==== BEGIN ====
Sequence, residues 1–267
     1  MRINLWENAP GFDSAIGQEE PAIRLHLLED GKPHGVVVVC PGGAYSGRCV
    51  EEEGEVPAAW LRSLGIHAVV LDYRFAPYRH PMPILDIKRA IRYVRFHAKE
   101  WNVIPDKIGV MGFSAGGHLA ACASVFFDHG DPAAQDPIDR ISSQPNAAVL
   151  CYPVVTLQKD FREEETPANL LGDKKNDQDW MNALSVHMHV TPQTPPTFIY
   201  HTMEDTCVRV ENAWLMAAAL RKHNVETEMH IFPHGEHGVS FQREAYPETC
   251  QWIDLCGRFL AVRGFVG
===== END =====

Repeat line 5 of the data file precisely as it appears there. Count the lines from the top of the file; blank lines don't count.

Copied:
   151  CYPVVTLQKD FREEETPANL LGDKKNDQDW MNALSVHMHV TPQTPPTFIY